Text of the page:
Saturday, January 21, 2006

If I get caught, I’ll just tell’em I’m Bill Clinton!

What’s in a name? If I ever get arrested for some disgusting or notorious crime I’m going to tell the cops that my name is William Jefferson Clinton. That may sound cute, but the cops will book me under whatever name I give, and throughout that entire case the name will be attached to that record. Somewhere they may attach other names to the record I have used in the past, but they will never remove William Jefferson Clinton from that record. What’s even more fun is that I happen to know former President Clinton’s date of birth and social security number and they will incorporate this information into the record too. So much for a public criminal court record being proof of anything at all!

So how can anyone tell who is who? The way the cops do this is through numerical values assigned to a full set of 10 fingerprints on an inked card or scan file. That’s a fingerprint classification number that you will see in the upper right corner of a set of fingerprints taken from convicted criminal, Malcolm Little also know as Malcolm X.

Fingerprint classification values are unique enough to separate of the real William Jefferson Clinton from his pretenders. Once a fingerprint classification is made, a unique number that forever identifies person assigned by the FBI. Another unique number is created by the state police agency for their files.


Fingerprinting by local cops was too often a disaster. Many local cops did not collect the prints correctly and the fingerprints could not be classified at all. A person could be arrested for a felony, give a phony name and if he got less than a prison term he may never be fingerprinted again! This has gotten better with improved training.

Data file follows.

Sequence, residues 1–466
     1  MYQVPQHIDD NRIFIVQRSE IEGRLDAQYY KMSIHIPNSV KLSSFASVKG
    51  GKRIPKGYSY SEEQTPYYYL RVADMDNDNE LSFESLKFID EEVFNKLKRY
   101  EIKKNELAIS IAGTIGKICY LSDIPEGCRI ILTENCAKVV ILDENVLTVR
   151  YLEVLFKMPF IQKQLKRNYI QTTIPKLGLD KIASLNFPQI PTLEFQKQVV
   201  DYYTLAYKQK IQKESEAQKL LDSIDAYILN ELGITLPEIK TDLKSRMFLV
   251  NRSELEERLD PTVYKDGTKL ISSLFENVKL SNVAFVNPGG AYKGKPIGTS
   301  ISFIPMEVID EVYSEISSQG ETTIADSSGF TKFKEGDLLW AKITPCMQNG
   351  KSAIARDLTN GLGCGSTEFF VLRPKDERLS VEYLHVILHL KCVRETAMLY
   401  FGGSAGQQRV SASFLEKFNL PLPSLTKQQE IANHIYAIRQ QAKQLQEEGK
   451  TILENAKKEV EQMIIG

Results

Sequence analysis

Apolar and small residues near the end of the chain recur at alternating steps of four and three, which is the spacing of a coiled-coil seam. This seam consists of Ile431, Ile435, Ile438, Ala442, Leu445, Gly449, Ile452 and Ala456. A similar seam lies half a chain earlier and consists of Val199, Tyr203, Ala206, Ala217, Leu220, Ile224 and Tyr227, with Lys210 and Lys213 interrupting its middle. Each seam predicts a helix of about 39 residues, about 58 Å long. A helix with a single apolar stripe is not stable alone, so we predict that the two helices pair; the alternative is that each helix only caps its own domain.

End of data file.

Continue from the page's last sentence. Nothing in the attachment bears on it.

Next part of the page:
When the fingerprint system was established criminals tried to defeat it with acid, sandpaper and even cutting the skin. The results made their prints even more unique and identifiable. Bank robber, John Dillinger found this out the hard way.

There is a way to change your fingerprints for good. A person seeking to hide is identity for good can have the skin re-transplanted on his fingers with skin from his toes. The fingerprint technicians can be easily fooled by simply re-transplanting only one or two fingers.

A former client of mine, known at least for a while as, David Pecard actually performed this surgery on himself and spent a couple of decades as a world class imposter who masqueraded as an Army General, medical doctor, lawyer, and was even appointed as a Deputy Sheriff in Maricopa County, Arizona despite a prior felony arrest record.

DNA will soon be the new standard to supplement fingerprints. That will prove to be entertaining too as scientists are working on ways to change people’s DNA to avoid diseases.

Here is a case where a doctor admitted changing a fugitive's fingerprints.


Anonymous said...

I see that you must be a part of The Vast Right Wing Conspiracy!

Anonymous said...

How was David Pecard one of your former clients?

Paul Huebl Crimefile News said...

David Pecard was charged with various offenses in Arizona. I was his defense investigator and we had a happy ending when Pecard was cleared of the charges.